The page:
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Digital Ash in a Digital Urn


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Audio CD, January 25, 2005
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Biography

Since 2006 the once revolving cast of Bright Eyes players has settled around permanent members Conor Oberst, Mike Mogis and Nathaniel Walcott, with additional musicians joining them in the studio and on tour. Fully realized and bursting with charisma, The People’s Key is an assured and accomplished album, artfully arranged and filled with the engaging and mesmeric songwriting for which ... Read more in Amazon's Bright Eyes Store

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Frequently Bought Together

Digital Ash in a Digital Urn + LIFTED or The Story is in the Soil, Keep Your Ear to the Ground 180 gram 2xLP [Vinyl]
Price for both: $31.40

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Product Details

  • Audio CD (January 25, 2005)
  • Number of Discs: 1
  • Label: Saddle Creek
  • ASIN: B00070FWUG
  • Average Customer Review: 4.1 out of 5 stars  See all reviews (106 customer reviews)
  • Amazon Best Sellers Rank: #94,526 in Music (See Top 100 in Music)

1. Time Code
2. Gold Mine Gutted
3. Arc Of Time (Time Code)
4. Down In A Rabbit Hole - (with Nick Zinner)
5. Take It Easy (Love Nothing)
6. Hit The Switch
7. I Believe In Symmetry - (with Nick Zinner)
8. Devil In The Details - (with Nick Zinner)
9. Ship In A Bottle
10. Light Pollution
11. Theme From Pinata
12. Easy/Lucky/Free - (with Nick Zinner)

Editorial Reviews

Product Description

The second of two albums Oberst recorded this year, Digital Ash In A Digital Urn, is a more produced, band-centric album featuring cameo appearances by Nick Zinner of Yeah Yeah Yeahs.

Amazon.com

Having established himself as a folk singer-songwriter of considerable weight with 2002's--take a deep breath--Lifted, or the Story is in the Soil, Keep Your Ear to the Ground, Conor Oberst takes the opportunity to experiment here. Released simultaneously with the more conventional follow-up disc, I'm Wide Awake, It's Morning, Digital Ash in a Digital Urn sees the Omaha-based leader of Bright Eyes teaming up with a diverse set of musicians that includes Yeah Yeah Yeahs guitarist Nick Zinner for a collection of songs that aim to recreate the alien landscapes of Radiohead but more often come off sounding like midperiod Depeche Mode. --Aidin Vaziri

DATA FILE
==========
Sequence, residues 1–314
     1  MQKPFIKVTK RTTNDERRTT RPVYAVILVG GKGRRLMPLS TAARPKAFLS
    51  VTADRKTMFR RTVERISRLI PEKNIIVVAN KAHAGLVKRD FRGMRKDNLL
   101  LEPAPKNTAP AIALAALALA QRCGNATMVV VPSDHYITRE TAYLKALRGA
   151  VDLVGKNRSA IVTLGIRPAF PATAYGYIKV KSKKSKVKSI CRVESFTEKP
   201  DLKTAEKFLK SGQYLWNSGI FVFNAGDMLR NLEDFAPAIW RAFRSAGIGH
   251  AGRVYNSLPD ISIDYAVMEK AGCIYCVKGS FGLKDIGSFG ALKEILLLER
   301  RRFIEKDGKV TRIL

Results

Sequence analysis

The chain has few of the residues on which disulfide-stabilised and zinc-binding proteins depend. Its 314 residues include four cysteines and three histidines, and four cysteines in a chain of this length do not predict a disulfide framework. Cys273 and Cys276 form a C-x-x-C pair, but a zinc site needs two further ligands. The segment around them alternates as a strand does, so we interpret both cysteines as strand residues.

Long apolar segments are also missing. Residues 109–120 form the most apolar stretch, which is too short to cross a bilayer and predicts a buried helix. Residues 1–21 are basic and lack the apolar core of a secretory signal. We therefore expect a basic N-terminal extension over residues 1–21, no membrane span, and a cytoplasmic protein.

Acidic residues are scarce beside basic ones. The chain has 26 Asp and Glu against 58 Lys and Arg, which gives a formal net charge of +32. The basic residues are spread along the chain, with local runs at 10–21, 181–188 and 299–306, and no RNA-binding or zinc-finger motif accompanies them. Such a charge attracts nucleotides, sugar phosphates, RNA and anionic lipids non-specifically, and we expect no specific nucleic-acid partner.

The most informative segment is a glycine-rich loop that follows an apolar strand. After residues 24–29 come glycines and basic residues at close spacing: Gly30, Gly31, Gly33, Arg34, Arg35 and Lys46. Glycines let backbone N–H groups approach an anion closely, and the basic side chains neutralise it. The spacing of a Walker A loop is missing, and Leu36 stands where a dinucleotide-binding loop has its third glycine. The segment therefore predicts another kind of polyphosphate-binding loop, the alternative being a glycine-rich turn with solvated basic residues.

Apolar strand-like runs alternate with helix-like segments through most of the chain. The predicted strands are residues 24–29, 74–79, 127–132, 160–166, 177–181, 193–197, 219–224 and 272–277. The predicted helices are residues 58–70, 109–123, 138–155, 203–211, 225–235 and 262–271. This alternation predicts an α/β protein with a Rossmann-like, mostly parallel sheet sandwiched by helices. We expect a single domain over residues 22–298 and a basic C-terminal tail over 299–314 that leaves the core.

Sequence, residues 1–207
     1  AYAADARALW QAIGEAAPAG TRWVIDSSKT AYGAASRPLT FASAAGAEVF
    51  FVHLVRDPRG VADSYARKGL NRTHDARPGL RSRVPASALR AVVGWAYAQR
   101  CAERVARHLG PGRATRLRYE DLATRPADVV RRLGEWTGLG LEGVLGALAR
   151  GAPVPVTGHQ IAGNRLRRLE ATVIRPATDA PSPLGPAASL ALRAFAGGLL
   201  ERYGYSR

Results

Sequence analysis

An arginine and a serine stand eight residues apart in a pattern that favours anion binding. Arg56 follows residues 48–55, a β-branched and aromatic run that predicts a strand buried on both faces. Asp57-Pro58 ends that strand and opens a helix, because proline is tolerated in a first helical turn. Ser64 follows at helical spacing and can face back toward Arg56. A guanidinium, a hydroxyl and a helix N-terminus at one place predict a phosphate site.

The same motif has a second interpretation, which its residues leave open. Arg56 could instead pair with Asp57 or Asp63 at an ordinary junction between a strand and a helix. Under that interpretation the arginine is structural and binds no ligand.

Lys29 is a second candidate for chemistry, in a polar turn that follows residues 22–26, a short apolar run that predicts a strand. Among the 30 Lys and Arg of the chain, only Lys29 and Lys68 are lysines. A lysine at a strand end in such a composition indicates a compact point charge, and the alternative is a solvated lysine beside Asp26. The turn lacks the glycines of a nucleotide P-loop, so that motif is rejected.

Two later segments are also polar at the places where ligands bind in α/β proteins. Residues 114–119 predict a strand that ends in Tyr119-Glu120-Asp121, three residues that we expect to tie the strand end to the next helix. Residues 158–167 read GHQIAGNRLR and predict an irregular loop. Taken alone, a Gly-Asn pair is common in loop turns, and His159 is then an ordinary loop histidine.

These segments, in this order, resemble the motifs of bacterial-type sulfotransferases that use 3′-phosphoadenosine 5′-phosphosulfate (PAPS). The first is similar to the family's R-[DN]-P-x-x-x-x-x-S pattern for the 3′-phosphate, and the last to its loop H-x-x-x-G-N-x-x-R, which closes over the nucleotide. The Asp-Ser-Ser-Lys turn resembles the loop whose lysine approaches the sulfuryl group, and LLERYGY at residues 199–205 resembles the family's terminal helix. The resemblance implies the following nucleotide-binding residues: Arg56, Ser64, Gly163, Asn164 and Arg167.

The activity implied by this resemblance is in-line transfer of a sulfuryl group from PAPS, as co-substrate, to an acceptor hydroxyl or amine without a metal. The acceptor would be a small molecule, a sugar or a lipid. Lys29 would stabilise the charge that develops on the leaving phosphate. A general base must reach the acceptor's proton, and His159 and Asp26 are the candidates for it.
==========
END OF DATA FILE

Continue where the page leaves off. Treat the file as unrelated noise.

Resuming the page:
Customer Reviews

I like John Hughes films and Bright Eyes.
bowtie
Maybe I should not feel like I'm arguing against others so much, because simultaneous release does not mean compare like crazy, although that is a fair side-effect.
M. Miller
It is definitely worth buying whether you like indie music or any kind of alternative radio.
R. Almack

Most Helpful Customer Reviews

57 of 66 people found the following review helpful By E. A Solinas HALL OF FAMETOP 500 REVIEWERVINE VOICE on January 28, 2005
Format: Audio CD
"Digital Ash in a Digital Urn" seems like an appropriate name for this album, one of two Bright Eyes has released in early 2005. It's about time and death, and it's swamped in digital music. Indie-rock's golden boy Conor Oberst lets out his inner Thom Yorke in this experimental album, which retains a dark, rough edge but doesn't quite measure up to Oberst's other work.

This time around, Oberst's mournful songs are dressed up in artful synth. Think of this as Bright Eyes' "Kid A" -- an experimental album that may herald a whole new direction for Bright Eyes, or may just be Oberst diddling around in the studio. "Digital Ash" takes some time to get moving, but is breathtaking when it finally does.

While "I'm Wide Awake It's Morning" has a stripped-down, warmer sound, "Digital Ash" is darker and colder -- part gritty rock, part new wave. Its heart is "I Believe in Symmetry," a jagged rock song with a transcendent climax. It's accompanied by the symphonic prettiness of "Gold Mine Gutted," and the cacophonic pop of "Take It Easy (Love Nothing)."

Oberst often overdoes it with all the synth and swelling soundscapes, with some very choppy beats put in. Regular instruments like a snare drum, acoustic guitar and strings keep it grounded. But despite the acoustic instruments, the dense electronic blips take this far away from country and indie rock.